Level 2 students Ngatupuna Elia (left), Pesiki Duburiya and Jade Tierney at last week's prize giving ceremony. MELINA ETCHES / 20111368.
"Sitting watching Tereora school prize giving, is a far cry from the formal staid prizegiving I attended in Auckland last year for my daughter," writes Ruta Tangiiau Mavé.
prize giving ceremonies are beautiful; loving students hug and kiss presenters,
each other, and in some cases dance to the live drums.
been a particularly hot day teaching kids’ athletics at primary schools,
training youth athletes on track and coaching adults to become athletic coaches
last week. It was dark, dinner still to be made and as I get home, my son says
“Do you have my ei’s for tomorrow’s prizegiving?” I close my eyes, “Ei’s? aye,
yay, yay…. Nah!” Then he says “Mum, did you know this is the first year Meme
hasn’t been here for my school prizegiving?”. “Yes, son, I know…” He grins and
raises his chin and eyebrows, and in that moment of realisation, the sword of
honour he has bestowed on me felt like it’s stuck in stone!
has kept Aunty and Uncle off the island, which means loss of daily contact, support,
Aunty’s date scones and me stepping up into the important ei making role. I
always make ei’s for my kids, it’s just they’re ‘stink’ in size and number when
lined up with the overflowing garlands. The ei katu’s produced by Aunty and
friends is full of laughing, talking and sewing the night before. Uncle starts
selecting flowers two to three days ahead, getting the buds early so they open
fresh on the day, and before the trees are stripped bare from the many trolling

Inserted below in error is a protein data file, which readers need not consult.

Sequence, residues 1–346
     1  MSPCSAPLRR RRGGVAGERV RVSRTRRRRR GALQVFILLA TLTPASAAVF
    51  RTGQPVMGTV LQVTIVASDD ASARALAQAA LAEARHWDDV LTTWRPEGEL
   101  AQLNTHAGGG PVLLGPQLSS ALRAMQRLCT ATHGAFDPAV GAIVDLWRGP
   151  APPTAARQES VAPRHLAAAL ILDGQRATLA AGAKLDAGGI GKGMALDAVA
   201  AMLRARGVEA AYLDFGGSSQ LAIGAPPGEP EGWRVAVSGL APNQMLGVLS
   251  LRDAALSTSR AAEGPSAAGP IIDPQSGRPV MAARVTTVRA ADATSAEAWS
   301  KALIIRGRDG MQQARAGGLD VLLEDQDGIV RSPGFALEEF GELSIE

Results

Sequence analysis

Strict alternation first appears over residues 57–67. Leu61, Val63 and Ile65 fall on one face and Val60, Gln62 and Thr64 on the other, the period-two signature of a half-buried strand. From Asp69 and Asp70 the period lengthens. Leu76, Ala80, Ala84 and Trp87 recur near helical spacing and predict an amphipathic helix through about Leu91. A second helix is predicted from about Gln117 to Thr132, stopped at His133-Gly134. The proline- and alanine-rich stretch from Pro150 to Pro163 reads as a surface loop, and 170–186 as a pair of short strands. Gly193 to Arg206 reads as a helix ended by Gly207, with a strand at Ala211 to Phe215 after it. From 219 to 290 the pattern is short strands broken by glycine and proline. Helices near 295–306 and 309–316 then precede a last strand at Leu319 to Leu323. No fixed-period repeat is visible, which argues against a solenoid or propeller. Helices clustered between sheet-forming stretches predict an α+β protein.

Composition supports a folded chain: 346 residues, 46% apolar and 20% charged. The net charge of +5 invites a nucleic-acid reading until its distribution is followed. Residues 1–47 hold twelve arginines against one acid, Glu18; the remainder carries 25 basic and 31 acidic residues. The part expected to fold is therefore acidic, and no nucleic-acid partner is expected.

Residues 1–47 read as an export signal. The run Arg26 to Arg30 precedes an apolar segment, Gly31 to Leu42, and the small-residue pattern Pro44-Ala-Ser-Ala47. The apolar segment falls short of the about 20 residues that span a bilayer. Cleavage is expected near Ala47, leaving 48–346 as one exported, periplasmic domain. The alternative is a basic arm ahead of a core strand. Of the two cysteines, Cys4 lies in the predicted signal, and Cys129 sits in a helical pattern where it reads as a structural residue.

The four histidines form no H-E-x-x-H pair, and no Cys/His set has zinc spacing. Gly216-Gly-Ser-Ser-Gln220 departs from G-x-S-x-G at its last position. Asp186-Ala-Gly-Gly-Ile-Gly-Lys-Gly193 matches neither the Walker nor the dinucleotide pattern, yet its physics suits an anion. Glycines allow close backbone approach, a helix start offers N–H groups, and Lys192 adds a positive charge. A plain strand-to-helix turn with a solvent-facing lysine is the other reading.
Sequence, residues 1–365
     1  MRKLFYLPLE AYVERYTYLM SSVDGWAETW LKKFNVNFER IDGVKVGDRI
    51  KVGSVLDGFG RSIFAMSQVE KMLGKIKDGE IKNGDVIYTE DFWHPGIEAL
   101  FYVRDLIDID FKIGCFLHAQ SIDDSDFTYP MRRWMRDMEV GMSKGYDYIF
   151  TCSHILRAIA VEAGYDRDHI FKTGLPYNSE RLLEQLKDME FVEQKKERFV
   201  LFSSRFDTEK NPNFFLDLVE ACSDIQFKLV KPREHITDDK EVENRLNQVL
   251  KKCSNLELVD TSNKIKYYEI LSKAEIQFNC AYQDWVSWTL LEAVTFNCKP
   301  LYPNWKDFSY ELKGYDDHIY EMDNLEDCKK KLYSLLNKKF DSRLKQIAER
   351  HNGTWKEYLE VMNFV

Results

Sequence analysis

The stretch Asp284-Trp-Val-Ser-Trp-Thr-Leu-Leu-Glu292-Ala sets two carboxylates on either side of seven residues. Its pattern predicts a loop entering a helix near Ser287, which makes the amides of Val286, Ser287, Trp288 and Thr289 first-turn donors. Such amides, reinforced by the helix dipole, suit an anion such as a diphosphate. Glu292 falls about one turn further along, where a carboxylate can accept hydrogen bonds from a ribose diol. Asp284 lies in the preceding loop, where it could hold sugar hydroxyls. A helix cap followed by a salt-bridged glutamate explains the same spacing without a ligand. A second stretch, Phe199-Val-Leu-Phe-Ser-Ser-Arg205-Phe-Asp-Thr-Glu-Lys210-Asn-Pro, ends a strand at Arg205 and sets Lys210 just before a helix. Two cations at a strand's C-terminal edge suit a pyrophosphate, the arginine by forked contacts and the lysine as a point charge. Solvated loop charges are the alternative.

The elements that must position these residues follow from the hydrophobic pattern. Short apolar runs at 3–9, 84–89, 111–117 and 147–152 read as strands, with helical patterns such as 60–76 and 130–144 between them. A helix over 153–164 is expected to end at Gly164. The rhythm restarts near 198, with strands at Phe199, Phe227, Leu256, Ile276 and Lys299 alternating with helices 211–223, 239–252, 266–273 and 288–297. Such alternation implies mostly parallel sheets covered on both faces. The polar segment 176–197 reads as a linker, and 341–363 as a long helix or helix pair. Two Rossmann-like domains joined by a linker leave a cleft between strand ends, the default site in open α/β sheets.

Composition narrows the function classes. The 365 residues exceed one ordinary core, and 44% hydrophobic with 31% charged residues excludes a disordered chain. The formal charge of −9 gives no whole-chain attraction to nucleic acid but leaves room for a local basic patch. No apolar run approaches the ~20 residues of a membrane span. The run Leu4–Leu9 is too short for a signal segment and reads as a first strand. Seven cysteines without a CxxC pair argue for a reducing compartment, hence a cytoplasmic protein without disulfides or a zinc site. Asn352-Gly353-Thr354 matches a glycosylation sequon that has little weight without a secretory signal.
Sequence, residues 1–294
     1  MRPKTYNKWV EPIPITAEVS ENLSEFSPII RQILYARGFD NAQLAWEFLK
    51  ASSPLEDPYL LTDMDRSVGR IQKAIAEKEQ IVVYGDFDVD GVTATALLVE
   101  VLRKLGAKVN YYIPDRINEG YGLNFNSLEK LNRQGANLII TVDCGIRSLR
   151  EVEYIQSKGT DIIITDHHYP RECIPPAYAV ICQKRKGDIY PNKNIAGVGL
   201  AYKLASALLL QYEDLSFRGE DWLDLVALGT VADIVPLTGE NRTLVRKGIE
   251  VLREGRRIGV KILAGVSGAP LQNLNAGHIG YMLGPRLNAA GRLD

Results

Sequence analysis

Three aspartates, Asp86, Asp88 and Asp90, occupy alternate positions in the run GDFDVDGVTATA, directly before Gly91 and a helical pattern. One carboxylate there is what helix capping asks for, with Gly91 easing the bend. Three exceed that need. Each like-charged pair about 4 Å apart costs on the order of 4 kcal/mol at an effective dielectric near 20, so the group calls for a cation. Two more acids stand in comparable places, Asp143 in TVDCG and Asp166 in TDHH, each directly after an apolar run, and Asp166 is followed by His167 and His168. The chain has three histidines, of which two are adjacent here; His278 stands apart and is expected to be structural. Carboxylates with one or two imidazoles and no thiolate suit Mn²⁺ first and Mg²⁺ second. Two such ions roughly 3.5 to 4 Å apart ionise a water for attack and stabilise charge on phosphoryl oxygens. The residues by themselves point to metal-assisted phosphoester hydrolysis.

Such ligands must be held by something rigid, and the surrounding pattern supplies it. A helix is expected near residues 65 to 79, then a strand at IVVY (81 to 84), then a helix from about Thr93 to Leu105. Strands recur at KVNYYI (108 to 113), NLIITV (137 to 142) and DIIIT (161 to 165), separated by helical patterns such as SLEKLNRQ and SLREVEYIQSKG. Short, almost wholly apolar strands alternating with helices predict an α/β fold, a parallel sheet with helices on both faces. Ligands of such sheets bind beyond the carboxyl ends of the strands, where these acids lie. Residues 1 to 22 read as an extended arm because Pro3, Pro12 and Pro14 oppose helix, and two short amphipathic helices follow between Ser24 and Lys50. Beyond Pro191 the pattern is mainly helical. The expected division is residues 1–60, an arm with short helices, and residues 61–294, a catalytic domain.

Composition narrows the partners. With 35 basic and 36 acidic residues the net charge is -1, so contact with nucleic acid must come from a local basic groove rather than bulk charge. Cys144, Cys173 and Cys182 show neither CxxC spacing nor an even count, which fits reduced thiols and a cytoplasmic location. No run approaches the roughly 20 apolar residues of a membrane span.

the roads looking for the same.
watching Tereora school prizegiving, is a far cry from the formal staid
prizegiving I attended in Auckland last year for my daughter. I was the only
one wearing clothes with colour, most of the parents wore black, dark suits for
business. There were quiet murmurs, and no children. Clapping was only allowed
at the end of all announcements, as the students file quietly back to their
seats. I was the only one going “whoohoo! Go April!” and sashaying down the
aisle wearing my ei katu, to adorn her with flower and lollie ei’s. She won a
Polynesian scholarship to attend Otago University, so it was important for us
to recognise and showcase our Cook Island traditions, despite the rules.
there is colour, noise, laughter, buzz and the smell of hothouse flowers is
overwhelming. A sea of of ei's stream in
with parents and friends in plastic bags and boxes, they have all helped the
harvesting and gathering flowers, buds, and rauti for holding, stripping and
sorting. They’re not simple strings of
one bud after another, these are individual works of art. They’re creative,
inventive, handcrafted with hours of time, focus and love. Mamas gathered
around tables long into the night with needle and threads, choosing the perfect
colours, size and shapes. No one uses an
old flower, they are all perfect, hundreds threaded in a design of love. Three
tipani, four tiare maori, three bougainvilia, four tiare taina, two orchid,
rauti, repeat, repeat, repeat.
prize giving ceremonies are beautiful, loving, students hug and kiss
presenters, each other, and in some cases dance to the live drums. There is
passionate ring side announcing from the MC, the crowd erupts with applause
clapping, dancing and cheering. The students are smothered beneath the many
garlands, others race to them, to add more, to take off their own and put them
on others. It’s a hay fever sufferer’s nightmare.
are strewn around the floor, emotions are high, butts are numb despite the
process moving faster than in other years. It’s okay to get up and move around
the room, to cat call from the stands, others laugh, shake their heads,
everyone nods and sits waiting. When it’s over, the intricacies of the designs
wilt, but it hasn’t been a wasted effort, it’s an art for art’s sake.